by Betty Owens
I think it really started at a library, when I picked up a John Steinbeck book, turned it over, and read the back cover. I was hooked. I took it home, all by its lonesome self, because it was a thick one. I was glad, since it needed my full attention. I was mesmerized by this Pulitzer Prize-winning story. Realism. Almost too real. But it left its mark.
When the movie showed up on television, of course I wanted to watch it. Henry Fonda was high on my list of favorite actors because of his skill, and his voice. He had a wonderful voice and seemed able to transform himself into whatever character he played.
So when I sat down in front of our black-and-white television to watch The Grapes of Wrath, it seemed as though I’d been sucked up into the story and was living it as it happened. I think it helped that I had actually been to some of the places they passed on their long journey to California. My family traversed Route 66 more times than I can remember, back and forth, from southern California to Tennessee.
The Grapes of Wrath world. This was a time when migrant workers were usually American citizens, leaving Oklahoma during the Dust Bowl portion of its history. They were called “Okies,” and they were en route to the “promised land” that was southern California, the land of milk and honey.
My fascination with the story may also have stemmed from my familiarity with the stories of suffering during the Great Depression. My grandparents often talked about the time. They described hardships that I couldn’t imagine. My maternal grandmother suffered from “nerves” which could have been panic attacks. A native of Oklahoma, she later settled in Seattle, as far away as possible from the dust bowl region. She would happily live out the rest of her years with frequent rain.
Another reason I so readily identified with this story–the characters reminded me of my family. Some of my elders spoke the same language, and had the same chiseled, well-tanned leather skin. They’d spent most of their lives outdoors, wrestling a living from the soil, yet most of them didn’t own the land they worked. They were tenants who paid with a portion of their crops. When times were bad, they just might be homeless. Again. It was a constant threat.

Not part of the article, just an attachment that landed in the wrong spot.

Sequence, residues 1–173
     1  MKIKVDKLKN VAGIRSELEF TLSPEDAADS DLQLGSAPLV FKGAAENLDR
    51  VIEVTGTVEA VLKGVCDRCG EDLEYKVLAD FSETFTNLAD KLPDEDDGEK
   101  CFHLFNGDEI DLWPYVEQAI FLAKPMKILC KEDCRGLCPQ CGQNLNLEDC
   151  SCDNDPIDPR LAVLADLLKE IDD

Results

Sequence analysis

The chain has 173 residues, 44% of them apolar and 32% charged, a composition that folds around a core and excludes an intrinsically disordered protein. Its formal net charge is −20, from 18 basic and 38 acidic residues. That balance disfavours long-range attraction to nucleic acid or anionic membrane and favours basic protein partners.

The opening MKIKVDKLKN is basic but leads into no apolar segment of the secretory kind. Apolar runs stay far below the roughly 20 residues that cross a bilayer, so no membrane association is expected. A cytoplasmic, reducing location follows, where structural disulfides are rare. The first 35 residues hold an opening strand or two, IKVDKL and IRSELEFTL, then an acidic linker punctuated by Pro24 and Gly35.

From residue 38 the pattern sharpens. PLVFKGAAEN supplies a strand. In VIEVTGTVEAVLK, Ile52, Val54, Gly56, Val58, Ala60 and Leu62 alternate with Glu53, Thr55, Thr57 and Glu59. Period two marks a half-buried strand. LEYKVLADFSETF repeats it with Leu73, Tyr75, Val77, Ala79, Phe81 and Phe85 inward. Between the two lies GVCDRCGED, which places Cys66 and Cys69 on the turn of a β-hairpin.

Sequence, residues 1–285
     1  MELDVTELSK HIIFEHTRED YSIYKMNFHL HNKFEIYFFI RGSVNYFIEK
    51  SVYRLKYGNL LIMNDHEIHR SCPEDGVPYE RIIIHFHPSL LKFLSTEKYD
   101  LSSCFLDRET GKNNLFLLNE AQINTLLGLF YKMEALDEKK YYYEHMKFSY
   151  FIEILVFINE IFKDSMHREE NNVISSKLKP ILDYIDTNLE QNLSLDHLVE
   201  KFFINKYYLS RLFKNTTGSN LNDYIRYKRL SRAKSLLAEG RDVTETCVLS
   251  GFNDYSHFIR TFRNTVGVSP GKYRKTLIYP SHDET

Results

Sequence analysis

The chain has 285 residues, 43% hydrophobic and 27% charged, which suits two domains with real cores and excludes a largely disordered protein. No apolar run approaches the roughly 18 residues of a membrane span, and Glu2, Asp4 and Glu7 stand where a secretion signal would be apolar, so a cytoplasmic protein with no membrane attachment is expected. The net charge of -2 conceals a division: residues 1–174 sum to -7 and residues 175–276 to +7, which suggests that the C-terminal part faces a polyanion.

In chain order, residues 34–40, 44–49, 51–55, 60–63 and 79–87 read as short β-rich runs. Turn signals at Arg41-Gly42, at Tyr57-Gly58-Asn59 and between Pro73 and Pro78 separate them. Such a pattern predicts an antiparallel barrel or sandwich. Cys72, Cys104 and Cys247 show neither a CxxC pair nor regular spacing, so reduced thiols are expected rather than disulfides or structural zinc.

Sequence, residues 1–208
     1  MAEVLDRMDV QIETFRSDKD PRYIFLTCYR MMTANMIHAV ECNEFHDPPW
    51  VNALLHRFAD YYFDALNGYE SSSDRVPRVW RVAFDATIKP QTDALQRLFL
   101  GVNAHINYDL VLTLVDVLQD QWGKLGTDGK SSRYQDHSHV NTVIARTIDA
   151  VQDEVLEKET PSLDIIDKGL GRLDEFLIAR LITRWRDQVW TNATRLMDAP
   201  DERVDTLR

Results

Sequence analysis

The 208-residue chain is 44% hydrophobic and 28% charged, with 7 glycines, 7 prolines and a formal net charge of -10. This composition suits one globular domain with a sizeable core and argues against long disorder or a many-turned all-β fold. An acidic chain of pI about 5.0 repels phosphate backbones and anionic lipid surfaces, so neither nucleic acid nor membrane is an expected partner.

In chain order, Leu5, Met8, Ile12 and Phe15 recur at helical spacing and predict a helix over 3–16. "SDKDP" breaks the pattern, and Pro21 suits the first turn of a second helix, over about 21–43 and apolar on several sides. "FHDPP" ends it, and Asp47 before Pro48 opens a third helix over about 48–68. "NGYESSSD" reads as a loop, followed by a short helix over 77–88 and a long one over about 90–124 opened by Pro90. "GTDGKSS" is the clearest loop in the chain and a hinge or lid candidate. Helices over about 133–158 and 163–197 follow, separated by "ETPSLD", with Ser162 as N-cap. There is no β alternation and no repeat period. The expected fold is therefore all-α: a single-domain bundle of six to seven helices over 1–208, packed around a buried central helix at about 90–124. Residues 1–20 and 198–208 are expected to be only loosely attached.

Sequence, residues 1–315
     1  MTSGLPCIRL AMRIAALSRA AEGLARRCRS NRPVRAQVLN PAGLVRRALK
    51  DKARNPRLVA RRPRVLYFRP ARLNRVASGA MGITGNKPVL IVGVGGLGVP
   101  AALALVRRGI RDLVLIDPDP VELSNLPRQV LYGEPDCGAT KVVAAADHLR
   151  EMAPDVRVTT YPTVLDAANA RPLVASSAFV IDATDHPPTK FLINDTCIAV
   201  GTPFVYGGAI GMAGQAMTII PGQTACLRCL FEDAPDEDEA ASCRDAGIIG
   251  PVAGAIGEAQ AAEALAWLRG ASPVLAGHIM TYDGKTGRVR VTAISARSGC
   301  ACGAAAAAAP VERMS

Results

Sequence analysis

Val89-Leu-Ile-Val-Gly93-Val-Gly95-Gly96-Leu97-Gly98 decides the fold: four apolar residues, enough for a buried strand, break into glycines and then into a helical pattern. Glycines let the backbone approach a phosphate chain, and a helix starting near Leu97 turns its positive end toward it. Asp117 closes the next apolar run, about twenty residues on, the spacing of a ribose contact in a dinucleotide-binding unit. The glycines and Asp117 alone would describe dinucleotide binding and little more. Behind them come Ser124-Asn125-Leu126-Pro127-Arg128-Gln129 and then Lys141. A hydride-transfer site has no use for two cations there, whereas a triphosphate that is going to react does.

The plight of the Joad family grabbed my heart and squeezed it as one bad thing after another threatened to steal their very breath. Life can be that way sometimes. Hardships seem to cluster and swell then ebb away like the tide.
Seeing the story on film made it real. Years later, I’d watch The Dust Bowl, a PBS production by Ken Burns. It still stirred me and I remembered the first time I read The Grapes of Wrath. It was just fiction, but seeing the movie made it real. Seeing The Dust Bowl made it even more real. This happened. It’s history. They showed photographs that tore at my heart and talked to actual survivors. It brought home my family’s suffering and I remembered their stories, told to me when I was a child.
The Grapes of Wrath is gritty realism delivered in black-and-white, a classic, made in 1940. Directed by John Ford and stars Henry Fonda, as Tom Joad.
What makes a movie unforgettable for you? The characters? The subject matter?
If you could walk onto the set of a movie, past or present, which movie would you choose, and why?
Copy of book: “JohnSteinbeck TheGrapesOfWrath” by New York: Viking – image, page. Via Wikipedia – https://en.wikipedia.org/wiki/File:JohnSteinbeck_TheGrapesOfWrath.jpg#/media/File:JohnSteinbeck_TheGrapesOfWrath.jpg)